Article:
Heat map analysis
For the heat map analysis, the cortex was divided into 500 μm * 500 μm “pixels”, and the number of objects within each pixel was calculated. Pixels with more than two thirds of their area outside the cortex were excluded. Iron was assessed along a categorical scale as follows: “very low” (0–5 iron objects), “low” (6–15), “medium” (16–25), and “high” (26 +). The analysis was repeated on four sections each for GFAP and CD68, adjacent to sections stained for iron that showed histopathological evidence of macrohemorrhage.
The associations between the total quantities of iron deposits and of GFAP-positive and CD68-positive cells within non-macrohemorrhage sections were also investigated via linear mixed effects (LME) models.
Ring coefficient analysis
To assess the spatial extent of the association between iron and reactive astrocytes, a series of predicted GFAP heat maps based on iron density were generated for each section. These maps were compared to the actual GFAP heat maps.
First, the number of objects was calculated in three 500 μm-thick rings around each 500 μm * 500 μm pixel on iron sections, so that every pixel had four associated iron-count-per-pixel values, one for the pixel itself and one for each of the three rings extending out. The median number of objects on each GFAP and CD68 section, excluding pixels with no objects, was used to create a scaling factor, by which each pixel density value was multiplied.
Then, predicted GFAP heat maps were generated from these scaled iron heat maps by numerically solving for the most effective coefficient combination as follows. A matrix of all possible coefficient combinations was generated, with the coefficient on the central pixel always being greater than the coefficient on the first ring, the coefficient on the first ring being greater than that of the second, etc., and coefficients specified to intervals of 0.01. The coefficients always summed to 1.00. This analysis was performed four times, considering first just the pixel itself, then involving the pixel and the first ring, then the pixel and two rings, and finally the pixel and three rings.
For the analysis involving all three rings, the coefficient combination representing a situation in which the density of iron within a 500 μm * 500 μm pixel had an equal effect on the density of GFAP-positive cells within that pixel as the density of iron 1500–2000 μm away from that pixel would be 0.25–0.25–0.25–0.25, whereas the coefficient combination representing a situation in which the effect of iron on GFAP density were extremely local would be 1.00–0.00–0.00–0.00.
The predicted GFAP or CD68 heat map for each coefficient combination was generated by summing the product of each coefficient and the corresponding ring’s mean iron count per pixel.
For each number of rings, this process was conducted for every coefficient combination in each section. The coefficient combination that generated the predicted heat map most similar to the actual heat map was selected based on the mean of the absolute values of the difference between the predicted and actual GFAP heat maps in each pixel.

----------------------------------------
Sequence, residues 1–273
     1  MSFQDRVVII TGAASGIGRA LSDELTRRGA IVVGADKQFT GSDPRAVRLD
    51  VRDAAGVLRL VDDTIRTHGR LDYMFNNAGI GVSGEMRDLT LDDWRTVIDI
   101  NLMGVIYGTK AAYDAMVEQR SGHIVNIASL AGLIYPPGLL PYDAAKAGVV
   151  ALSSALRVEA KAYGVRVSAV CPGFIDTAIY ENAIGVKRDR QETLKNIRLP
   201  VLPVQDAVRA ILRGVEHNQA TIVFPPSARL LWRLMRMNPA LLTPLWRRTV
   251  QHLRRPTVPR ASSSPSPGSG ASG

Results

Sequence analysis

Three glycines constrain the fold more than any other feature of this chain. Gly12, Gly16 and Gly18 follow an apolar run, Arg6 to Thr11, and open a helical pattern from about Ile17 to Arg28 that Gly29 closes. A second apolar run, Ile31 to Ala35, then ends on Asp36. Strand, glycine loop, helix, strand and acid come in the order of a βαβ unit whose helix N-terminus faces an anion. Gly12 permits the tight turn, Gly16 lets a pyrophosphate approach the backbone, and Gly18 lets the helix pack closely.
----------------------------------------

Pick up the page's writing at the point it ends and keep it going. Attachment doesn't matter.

This error was normalized in each heat map to the median number of GFAP-positive cells per pixel, within pixels with GFAP, and the resulting value was termed the “residual.”
To test the relationship between the number of objects in 1000 μm artificial cortical layers, Friedman tests were performed and normalized with Kendall’s coefficient of concordance. Post-hoc pairwise comparisons were performed using Conover’s test with Benjamini–Hochberg p-value adjustments.
The relationships between the number of iron deposits and GFAP- or CD68-positive cells within 500 μm * 500 μm pixels were assessed using Skillings-Mack tests and post-hoc pairwise comparisons with Conover’s tests and Benjamini–Hochberg p-value adjustments. The same tests were used to compare object densities across cortical lobes.
The coefficients and residuals for the ring coefficient analysis were compared using repeated measures ANOVA tests, with pairwise comparisons via Tukey’s multiple comparisons tests.
LME models were fitted using the “lme4” package version 1.1–26 in R to assess the associations between iron deposit density and GFAP-positive cell density and CD68-positive cell density . Iron deposit density was set as the independent variable, subject and cortical region (frontal, temporal, parietal, and occipital) were defined as random effects, and age at death and sex were defined as fixed effects. First, the data were tested for normality, heteroskedasticity, and the normality of residuals. The “influence.ME” package was used to detect overly influential subjects (defined as having a Cook’s distance above 4/n) for each analysis, and they were removed . This resulted in removing one case from the GFAP-positive cell density analysis. A null model accounting for all effects except the dependent variable being tested (GFAP-positive cell density or CD68-positive cell density) and a second model that also accounted for the dependent variable were fitted to the data. The model fits were compared via a likelihood ratio test, their Akaike information criteria (AIC), and their Bayesian information criteria (BIC).
All statistical analyses were performed in R, version 4.1.1, except for the repeated measures ANOVAs, which were performed with GraphPad Prism version 9. Graphs were created with GraphPad Prism version 9, R version 4.1.1, and MATLAB version 2017b. A threshold of α < 0.05 was used to determine statistical significance, and all tests were two-tailed.
Iron deposits are observed within reactive astrocytes and activated microglia
Double stains with Perls’ Prussian blue and immunohistochemistry against GFAP (n = 4) or CD68 (n = 4) were performed in sections from the frontal lobe in a subset of cases (n = 5) with the highest iron densities in Perls’ Prussian blue stained frontal lobe sections (analyzed through Aiforia®, see “Methods” section). The double stains revealed iron deposits colocalizing with both GFAP-positive and CD68-positive cells, suggesting phagocytosis of blood-breakdown products (Fig. 2). Iron deposits were also observed extracellularly in each double-stained section.
Iron deposits and reactive astrocytes are predominantly observed in the superficial layers of the cortex